Somnath Iyer, J.
1. The question involved in this case is whether a partition made bwy a Collector under Section 54 of the code of Civil Procedure of lands assessed to land revenue-situate in that part of the new State of Mysore in which the Bombay Land Revenue Code is operating, amounts to an appealable decision or order falling within Section 203 of that Code.
2. This is how the question arises.
3. In a partition suit brought in the Court of the Civil Judge, Senior Division, Belgaum, in the year 1946, a preliminary decree was made under which the respondents were declared to be entitled to a three-fourths share in the family property. By an order made under Rule 18 of Order XX of the Code of Civil Procedure, me Collector was directed by the Court to make a partition of those family lands which were assessed to the payment of land revenue to the Government. After that partition was made, an appeal was preferred by the petitioner to the Collector under the supposition that such an appeal was competent in view of the petitioners allegation that the partition was made only by a Prant Officer and not by the Collector himself. That appeal was dismissed by the Collector whereupon the petitioner presented a further appeal to the Divisional Commissioner who made a slight modification to the partition. Against that decision of the Divisional Commissioner, the petitioner presented a revision petition to the Revenue Appellate Tribunal, which took the view that the appeal to the Collector and the further appeal to the Divisional Commissioner were all incompetent and that the revision petition which was also a similarly incompetent revision petition was liable to be dismissed.
4. In this civil petition that view taken by that Tribunal is challenged on the ground that since the partition made under Section 54 amounted to a decision or order of the Prant Officer under the provisions of the Bombay Land Revenue Code, an appeal lay under section 203 of that Code not only to the Collector but also to the Divisional Commissioner, and that, similarly, a revision petition to the Tribunal was equally competent. It Is the correctness of this assertion made on behalf of the Petitioner that requires investigation.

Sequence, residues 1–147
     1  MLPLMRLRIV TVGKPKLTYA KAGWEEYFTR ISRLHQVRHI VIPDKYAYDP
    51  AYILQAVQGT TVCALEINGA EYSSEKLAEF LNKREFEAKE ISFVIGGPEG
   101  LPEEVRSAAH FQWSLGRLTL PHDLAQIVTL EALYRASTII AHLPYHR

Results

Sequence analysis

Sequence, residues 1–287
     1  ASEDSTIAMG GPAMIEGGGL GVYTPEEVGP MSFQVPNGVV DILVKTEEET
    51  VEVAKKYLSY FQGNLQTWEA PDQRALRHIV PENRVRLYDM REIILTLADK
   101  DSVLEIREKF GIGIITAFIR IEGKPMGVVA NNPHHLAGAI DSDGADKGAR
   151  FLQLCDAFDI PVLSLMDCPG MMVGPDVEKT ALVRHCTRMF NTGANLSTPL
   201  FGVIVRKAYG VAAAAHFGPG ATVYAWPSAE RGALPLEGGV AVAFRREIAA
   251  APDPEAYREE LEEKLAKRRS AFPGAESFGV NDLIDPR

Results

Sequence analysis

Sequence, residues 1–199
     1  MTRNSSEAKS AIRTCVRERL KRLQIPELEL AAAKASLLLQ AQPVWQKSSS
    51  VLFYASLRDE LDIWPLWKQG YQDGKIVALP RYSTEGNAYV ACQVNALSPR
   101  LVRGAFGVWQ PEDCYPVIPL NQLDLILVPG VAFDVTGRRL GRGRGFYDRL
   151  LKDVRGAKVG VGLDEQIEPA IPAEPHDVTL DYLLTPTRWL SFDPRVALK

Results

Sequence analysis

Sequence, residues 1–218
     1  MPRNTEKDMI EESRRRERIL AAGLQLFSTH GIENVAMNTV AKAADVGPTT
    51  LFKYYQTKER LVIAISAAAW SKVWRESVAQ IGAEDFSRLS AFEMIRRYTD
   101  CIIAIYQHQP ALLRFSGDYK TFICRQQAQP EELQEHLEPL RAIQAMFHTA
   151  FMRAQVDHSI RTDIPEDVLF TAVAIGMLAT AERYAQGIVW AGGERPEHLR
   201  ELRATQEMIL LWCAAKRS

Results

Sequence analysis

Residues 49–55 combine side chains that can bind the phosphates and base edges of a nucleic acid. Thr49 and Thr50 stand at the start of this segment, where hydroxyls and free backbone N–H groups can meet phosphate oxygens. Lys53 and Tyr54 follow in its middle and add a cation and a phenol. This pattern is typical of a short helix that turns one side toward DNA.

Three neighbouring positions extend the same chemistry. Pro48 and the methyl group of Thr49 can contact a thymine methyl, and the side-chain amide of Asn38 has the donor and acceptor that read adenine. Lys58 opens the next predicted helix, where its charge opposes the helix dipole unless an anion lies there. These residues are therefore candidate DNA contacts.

5. Rule 18 of Order XX of the Code of Civil Procedure under which a Civil Court may direct the Collector to make partition of an estate assessed to the payment of revenue to the Government reads:
'18. Where the Court passes a decree for the partition of property or for the separate possession of a snare therein, then,-- Decree in suit for (1) if and in so far as thepartition of property or decree relates to an estate as-separate possession of a sessed to the payment of re-share therein. venue to the Government, thedecree shall declare the rights ofthe several parties interested inthe property, but shall directsuch partition or separation tobe made by the collector, or anygazetted subordinate of the Col-lector, deputed by him in thisbehalf, in accordance with suchdeclaration and with the provisions of section 54;* * * *
6. Section 54 of the Code of Civil Procedure in accordance with the provisions of which a partition has to be made by a Collector where he is directed to do so is,
'54, Partition of estate or separation of share: Where the decree is foe the partition of an undivided estate assessed to the payment of revenue to the Government, or for the separate possession of a share of such an estate, the partition of the estate or the separation of the share shall be made by the Collector or any gazetted subordinate of the Collector deputed by him in this behalf, in accordance with the law (if any) for the time being in force relating to the partition, or the separate possession of shares, of such estates.'
7. Heading these two provisions together, it will be seen that the partition made under Section 54 of an undivided estate assessed to the payment of revenue to me Government, is really one made under the provisions or the Code of Civil Procedure although such partition has to be made in accordance with the law for the time being in force governing the estate to be partitioned, which, in this case was the Bombay Land Revenue Code. It is clear from Section 54 that what it directs is not that the partition should be made under the provisions of the law by which the undivided estate is governed but 'inaccordance with' that law. What that section therefore directs is that when a partition is made under the provisions of that section, which is really the statutory provision under which the partition is made by the Collector, the partition to be so made should be in accordance with the law by which the estate is governed.
It is, I think, manifest that the entrustment of thepartition of an estate assessed to the payment of landrevenue to the Government, to the Collector who is chargedwith the administration of such land revenue rests on the legislative intent that the Collector who has an interest in the collection of the Land Revenue payable bythe estate under the provisions of the relevant LandRevenue Code is the authority who can make a satisfactory partition which does not create difficulties in the recovery of Land. Revenue. That, in my opinion, is the reason why that part of the family property in respectof which there is a decree for partition which consists of an estate assessed to the payment of land revenue to the Government is required to be partitioned by theCollector, that partition by other processes not being permissible. But, to say that, Is not the same thing assaying that that partition required to be made by the Collector is a partition made under the Land Revenue Code.